AuthenticationManager hangs off the HttpContext and is a uniform APIs over the various authentication middleware that do the actual grunt work. The major APIs are:

  • SignIn/SignOut
    Instructs a middleware to do a signin/signout gesture
  • Challenge
    Instructs a middleware to trigger some external authentication handshake (this is further abstracted by the new ChallengeResult in MVC 6)
  • Authenticate
    Triggers validation of an incoming credential and conversion to claims
  • GetAuthenticationSchemes
    Enumerates the registered authentication middleware, e.g. for populating a login UI dynamically

Authentication Middleware
The actual authentication mechanisms and protocols are implemented as middleware. If you are coming from Katana then this is a no brainer. If your background is ASP.NET.OLD think of middleware as HTTP modules – just more flexible and lightweight.

For web UIs the following middleware is included:

  • Cookie-based authentication (as a replacement for good old forms authentication or the session authentication module from WIF times)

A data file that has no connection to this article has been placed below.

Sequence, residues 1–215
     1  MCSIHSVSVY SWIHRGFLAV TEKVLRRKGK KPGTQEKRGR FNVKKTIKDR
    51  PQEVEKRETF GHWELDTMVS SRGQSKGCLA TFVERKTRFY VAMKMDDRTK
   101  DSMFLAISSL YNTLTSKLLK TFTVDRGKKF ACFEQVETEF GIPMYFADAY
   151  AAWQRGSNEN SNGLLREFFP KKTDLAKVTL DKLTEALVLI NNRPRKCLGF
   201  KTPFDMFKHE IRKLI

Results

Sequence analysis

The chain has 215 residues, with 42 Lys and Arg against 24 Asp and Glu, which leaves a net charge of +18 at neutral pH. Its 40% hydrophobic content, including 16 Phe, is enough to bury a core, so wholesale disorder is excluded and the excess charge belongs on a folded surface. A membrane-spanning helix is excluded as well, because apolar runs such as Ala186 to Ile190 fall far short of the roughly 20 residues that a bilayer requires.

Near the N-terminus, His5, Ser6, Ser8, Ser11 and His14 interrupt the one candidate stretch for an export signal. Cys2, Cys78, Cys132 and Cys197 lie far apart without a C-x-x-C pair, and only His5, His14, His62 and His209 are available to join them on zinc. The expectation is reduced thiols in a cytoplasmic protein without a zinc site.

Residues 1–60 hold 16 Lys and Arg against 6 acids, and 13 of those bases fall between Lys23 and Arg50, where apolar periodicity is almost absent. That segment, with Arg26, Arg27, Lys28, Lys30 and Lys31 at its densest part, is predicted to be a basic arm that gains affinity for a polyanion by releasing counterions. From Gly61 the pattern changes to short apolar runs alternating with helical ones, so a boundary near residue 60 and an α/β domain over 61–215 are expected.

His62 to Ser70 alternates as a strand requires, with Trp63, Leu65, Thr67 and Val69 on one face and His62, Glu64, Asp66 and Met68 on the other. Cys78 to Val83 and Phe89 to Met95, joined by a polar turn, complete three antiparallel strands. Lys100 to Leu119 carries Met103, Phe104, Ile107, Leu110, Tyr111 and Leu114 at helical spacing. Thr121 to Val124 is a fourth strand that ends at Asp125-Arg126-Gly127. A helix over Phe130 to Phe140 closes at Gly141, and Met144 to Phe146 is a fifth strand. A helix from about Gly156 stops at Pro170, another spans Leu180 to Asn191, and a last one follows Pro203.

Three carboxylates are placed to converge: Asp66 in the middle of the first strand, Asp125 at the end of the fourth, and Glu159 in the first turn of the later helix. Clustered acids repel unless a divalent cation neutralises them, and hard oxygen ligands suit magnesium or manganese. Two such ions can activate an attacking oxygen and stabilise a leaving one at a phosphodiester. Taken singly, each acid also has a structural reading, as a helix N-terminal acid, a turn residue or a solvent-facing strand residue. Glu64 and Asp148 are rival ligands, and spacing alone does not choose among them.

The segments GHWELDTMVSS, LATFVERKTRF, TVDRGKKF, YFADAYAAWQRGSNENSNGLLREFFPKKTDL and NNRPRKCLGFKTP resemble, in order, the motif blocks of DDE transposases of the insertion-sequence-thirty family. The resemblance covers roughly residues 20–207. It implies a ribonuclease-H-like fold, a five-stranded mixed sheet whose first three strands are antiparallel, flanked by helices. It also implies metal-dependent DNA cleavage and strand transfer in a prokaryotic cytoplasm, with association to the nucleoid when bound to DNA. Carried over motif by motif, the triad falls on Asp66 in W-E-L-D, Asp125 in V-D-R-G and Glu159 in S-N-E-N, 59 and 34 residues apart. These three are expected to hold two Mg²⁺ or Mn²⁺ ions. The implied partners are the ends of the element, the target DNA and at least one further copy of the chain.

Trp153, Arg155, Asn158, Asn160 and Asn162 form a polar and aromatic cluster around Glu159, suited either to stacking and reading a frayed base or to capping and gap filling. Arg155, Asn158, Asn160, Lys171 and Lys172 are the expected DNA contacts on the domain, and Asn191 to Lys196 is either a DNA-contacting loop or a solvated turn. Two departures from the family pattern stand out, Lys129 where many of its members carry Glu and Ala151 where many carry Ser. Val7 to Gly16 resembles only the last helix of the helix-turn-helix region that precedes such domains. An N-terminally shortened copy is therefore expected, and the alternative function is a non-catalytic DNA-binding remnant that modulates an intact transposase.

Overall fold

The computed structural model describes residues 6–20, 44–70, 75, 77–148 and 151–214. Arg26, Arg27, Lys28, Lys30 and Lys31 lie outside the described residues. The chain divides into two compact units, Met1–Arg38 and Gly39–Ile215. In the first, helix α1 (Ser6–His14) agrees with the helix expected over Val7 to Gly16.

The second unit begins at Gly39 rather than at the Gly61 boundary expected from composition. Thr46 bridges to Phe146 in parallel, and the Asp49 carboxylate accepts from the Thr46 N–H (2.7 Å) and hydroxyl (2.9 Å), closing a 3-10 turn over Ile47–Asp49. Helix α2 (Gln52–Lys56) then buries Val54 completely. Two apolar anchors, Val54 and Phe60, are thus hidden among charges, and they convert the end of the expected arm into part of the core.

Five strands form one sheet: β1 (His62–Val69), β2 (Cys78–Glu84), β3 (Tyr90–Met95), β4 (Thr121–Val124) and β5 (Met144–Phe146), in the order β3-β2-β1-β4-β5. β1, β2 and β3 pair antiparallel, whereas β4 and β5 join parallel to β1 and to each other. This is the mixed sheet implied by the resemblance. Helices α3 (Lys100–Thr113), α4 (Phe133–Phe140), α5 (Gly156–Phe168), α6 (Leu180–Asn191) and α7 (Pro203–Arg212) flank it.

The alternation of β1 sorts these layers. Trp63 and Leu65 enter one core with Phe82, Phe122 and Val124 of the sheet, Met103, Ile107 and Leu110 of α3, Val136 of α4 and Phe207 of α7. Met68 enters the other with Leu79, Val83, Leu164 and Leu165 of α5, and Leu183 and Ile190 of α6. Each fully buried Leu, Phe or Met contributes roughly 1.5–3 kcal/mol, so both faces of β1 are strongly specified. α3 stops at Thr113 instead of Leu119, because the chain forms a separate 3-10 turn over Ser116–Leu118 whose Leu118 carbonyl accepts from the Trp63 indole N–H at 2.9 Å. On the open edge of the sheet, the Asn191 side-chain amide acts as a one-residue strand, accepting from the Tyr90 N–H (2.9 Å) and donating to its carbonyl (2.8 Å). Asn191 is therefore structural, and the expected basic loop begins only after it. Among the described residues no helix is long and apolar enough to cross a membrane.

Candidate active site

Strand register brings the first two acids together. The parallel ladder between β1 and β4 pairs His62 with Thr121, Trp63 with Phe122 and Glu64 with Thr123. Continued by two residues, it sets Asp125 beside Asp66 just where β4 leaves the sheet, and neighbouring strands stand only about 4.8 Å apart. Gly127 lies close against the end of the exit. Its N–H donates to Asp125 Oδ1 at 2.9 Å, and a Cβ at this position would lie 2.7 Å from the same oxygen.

• Google, Twitter, Facebook and Microsoft Account
  • OpenID Connect

WS-Federation is missing right now. It is also worth mentioning that there is now a generic middleware for OAuth2-style authentication (sigh). This will make it easier to write middleware for the various OAuth2 dialects without having to duplicate all the boilerplate code and will make the life of these guys much easier.

Wiring up the cookie middleware looks like this:

app.UseCookieAuthentication(options =>
{
    options.LoginPath = new PathString(“/account/login”);
    options.AutomaticAuthentication = true;
    options.AuthenticationScheme = “Cookies”;               
});